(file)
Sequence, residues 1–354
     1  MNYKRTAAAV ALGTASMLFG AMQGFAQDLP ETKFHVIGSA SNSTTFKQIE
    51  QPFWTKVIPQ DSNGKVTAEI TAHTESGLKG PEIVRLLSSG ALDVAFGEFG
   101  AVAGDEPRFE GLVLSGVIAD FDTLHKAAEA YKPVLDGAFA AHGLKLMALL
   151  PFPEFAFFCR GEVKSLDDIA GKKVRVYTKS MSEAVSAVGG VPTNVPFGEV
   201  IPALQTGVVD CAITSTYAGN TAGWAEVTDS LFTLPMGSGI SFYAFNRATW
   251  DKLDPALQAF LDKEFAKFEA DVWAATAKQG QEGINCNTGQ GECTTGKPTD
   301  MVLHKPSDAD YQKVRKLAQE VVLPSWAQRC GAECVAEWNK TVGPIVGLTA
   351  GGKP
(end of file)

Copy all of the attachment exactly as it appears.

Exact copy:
Sequence, residues 1–354
     1  MNYKRTAAAV ALGTASMLFG AMQGFAQDLP ETKFHVIGSA SNSTTFKQIE
    51  QPFWTKVIPQ DSNGKVTAEI TAHTESGLKG PEIVRLLSSG ALDVAFGEFG
   101  AVAGDEPRFE GLVLSGVIAD FDTLHKAAEA YKPVLDGAFA AHGLKLMALL
   151  PFPEFAFFCR GEVKSLDDIA GKKVRVYTKS MSEAVSAVGG VPTNVPFGEV
   201  IPALQTGVVD CAITSTYAGN TAGWAEVTDS LFTLPMGSGI SFYAFNRATW
   251  DKLDPALQAF LDKEFAKFEA DVWAATAKQG QEGINCNTGQ GECTTGKPTD
   301  MVLHKPSDAD YQKVRKLAQE VVLPSWAQRC GAECVAEWNK TVGPIVGLTA
   351  GGKP